How to navigate associated company rules to reduce corporation tax

How to navigate associated company rules to reduce corporation tax


According to the latest corporation tax law as of April 2023, companies that earn over £250,000 in profits within a tax year will have to pay a higher tax rate of 25%.

The rate will remain at 19% for companies with less than £50,000 in profits, and for those earning between £50,000 and £250,000, the tax rate will be 25% with a tapered relief applied to lower the actual payment.

This change in corporate tax rate can potentially make things harder for smaller companies, especially in terms of the extra bureaucracy and formality involved.

In particular, the rules regarding upper and lower brackets to classify corporation tax can become even more complex when it comes to associated company rules.

If you’re in a similar boat and would like to know more about the associated company rules and what needs to be done to reduce corporation tax, this blog post is for you. We share everything there’s to know about this matter.

What are associate companies?

Two companies are regarded as associate companies if, at any point in time during the last 12 months, one has exercised control over the other (in terms of voting power, access to share capital, rights over company income etc) or if both have been under the control of the same company or person.

This is fairly common in shareholder ownership structures. Owing to the changes to corporation tax, however, the associated company rules could have a negative impact on the tax that each associate company pays.

Essentially, the lower and upper limits of corporation tax (£50,000 and £250,000 respectively) will now be proportionally brought down based on the number of associated companies any individual business has.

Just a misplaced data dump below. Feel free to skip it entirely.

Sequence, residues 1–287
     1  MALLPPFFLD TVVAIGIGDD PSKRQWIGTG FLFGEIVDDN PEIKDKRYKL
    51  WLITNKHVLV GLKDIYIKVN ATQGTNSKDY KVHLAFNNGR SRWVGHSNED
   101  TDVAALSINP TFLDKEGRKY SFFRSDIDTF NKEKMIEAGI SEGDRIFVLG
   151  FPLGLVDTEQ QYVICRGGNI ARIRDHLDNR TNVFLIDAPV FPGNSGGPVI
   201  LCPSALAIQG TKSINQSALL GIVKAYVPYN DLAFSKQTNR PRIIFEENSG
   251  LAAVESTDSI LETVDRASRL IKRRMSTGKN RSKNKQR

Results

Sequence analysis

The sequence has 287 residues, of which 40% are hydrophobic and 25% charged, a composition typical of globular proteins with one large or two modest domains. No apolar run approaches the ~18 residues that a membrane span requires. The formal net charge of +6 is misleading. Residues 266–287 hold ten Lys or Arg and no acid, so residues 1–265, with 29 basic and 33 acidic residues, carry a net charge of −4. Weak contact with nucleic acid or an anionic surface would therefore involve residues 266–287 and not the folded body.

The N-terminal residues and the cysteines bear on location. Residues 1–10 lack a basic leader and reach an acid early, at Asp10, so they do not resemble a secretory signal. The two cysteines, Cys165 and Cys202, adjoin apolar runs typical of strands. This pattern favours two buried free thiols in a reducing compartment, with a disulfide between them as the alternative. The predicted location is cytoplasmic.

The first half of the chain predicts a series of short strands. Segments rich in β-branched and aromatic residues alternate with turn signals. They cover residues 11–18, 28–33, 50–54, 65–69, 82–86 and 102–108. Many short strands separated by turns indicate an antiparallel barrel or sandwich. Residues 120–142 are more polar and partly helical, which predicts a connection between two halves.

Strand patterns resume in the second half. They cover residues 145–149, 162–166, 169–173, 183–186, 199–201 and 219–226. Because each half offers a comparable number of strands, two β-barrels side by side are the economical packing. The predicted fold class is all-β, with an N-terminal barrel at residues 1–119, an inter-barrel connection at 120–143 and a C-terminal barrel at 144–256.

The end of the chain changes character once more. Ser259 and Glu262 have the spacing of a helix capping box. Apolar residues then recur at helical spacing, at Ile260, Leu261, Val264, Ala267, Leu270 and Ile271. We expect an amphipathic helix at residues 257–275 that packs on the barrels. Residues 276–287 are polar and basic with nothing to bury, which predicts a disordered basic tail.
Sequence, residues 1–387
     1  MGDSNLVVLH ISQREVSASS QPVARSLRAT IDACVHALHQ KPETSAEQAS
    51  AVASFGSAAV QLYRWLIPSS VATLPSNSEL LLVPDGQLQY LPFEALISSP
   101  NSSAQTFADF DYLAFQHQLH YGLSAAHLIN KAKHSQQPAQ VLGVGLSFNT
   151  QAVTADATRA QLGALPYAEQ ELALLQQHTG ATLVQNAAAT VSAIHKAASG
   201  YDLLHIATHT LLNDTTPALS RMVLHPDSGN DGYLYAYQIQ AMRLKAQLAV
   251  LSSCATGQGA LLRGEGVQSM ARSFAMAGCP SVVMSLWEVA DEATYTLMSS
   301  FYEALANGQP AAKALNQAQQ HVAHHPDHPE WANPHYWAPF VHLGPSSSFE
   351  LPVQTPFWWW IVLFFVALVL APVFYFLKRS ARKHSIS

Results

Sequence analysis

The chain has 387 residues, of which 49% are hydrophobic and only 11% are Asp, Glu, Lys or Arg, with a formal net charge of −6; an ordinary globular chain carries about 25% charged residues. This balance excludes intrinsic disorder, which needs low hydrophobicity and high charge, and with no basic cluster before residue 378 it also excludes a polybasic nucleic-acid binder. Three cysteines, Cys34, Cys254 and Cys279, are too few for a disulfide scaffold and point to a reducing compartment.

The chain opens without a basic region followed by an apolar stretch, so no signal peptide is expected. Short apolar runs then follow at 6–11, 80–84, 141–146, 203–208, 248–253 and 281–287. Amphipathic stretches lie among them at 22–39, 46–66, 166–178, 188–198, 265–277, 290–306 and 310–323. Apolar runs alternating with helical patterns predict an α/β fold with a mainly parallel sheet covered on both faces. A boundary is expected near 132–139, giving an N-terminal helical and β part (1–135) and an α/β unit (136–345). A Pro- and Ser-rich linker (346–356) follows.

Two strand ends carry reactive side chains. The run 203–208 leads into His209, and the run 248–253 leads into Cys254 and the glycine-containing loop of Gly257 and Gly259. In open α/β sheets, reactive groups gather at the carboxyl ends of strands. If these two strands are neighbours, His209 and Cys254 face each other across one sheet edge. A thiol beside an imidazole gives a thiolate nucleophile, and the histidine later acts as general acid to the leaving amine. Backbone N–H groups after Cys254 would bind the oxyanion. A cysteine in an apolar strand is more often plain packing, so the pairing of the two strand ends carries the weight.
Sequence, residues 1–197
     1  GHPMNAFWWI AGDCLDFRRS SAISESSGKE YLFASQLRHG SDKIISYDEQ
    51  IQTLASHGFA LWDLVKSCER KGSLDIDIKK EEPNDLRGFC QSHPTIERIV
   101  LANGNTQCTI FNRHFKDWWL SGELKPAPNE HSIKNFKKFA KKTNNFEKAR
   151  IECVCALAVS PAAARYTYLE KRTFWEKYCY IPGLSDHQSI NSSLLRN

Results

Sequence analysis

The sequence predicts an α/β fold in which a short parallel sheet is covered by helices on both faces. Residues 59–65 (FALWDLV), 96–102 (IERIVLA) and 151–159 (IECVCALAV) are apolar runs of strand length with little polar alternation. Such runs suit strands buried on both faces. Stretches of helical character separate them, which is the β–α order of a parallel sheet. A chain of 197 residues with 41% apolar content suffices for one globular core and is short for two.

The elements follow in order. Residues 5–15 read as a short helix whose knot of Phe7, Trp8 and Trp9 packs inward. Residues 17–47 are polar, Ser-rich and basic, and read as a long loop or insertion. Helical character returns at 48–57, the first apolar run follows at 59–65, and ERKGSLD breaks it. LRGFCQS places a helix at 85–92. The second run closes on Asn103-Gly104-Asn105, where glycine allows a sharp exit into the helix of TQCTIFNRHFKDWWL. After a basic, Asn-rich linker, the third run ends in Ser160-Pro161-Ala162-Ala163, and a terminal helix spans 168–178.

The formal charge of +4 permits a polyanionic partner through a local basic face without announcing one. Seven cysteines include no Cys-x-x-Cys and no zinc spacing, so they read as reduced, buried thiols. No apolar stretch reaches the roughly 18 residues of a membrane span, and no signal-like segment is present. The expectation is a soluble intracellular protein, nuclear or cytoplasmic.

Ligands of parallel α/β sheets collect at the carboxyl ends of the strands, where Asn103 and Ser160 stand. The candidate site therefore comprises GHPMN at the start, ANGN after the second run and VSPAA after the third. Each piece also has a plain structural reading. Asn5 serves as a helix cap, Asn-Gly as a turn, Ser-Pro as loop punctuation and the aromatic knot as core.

So if a company has three associated companies, for instance, the limits for each will become £12,500 and £62,500. The available benefits/tax allowances will also be split among each associate company.

The trouble arises because these associated company rules, effectively, bring down the profit allowance at which corporation tax stays at 19%, and reduce the level at which 25% tax is guaranteed to come in without any access to marginal relief.

This can be concerning for smaller businesses, especially those that are likely to be involved in associate connections as they grow, and in fact can end up increasing the tax amount that they have to pay in a 12-month period.

Best ways to reduce corporation tax bill

If the associated company rules apply to you, here are some of the best ways to reduce your corporation tax bill.

1. Pensions

This is one of the easiest corporate tax reduction strategies. Any contributions to director and staff pension schemes are largely tax-free.

Pension contributions can be made to use up a director’s annual pension contribution allowance plus unused allowances from earlier years. Companies can also use pension contributions to enable a pension scheme that gathers funds for the acquisition of commercial property.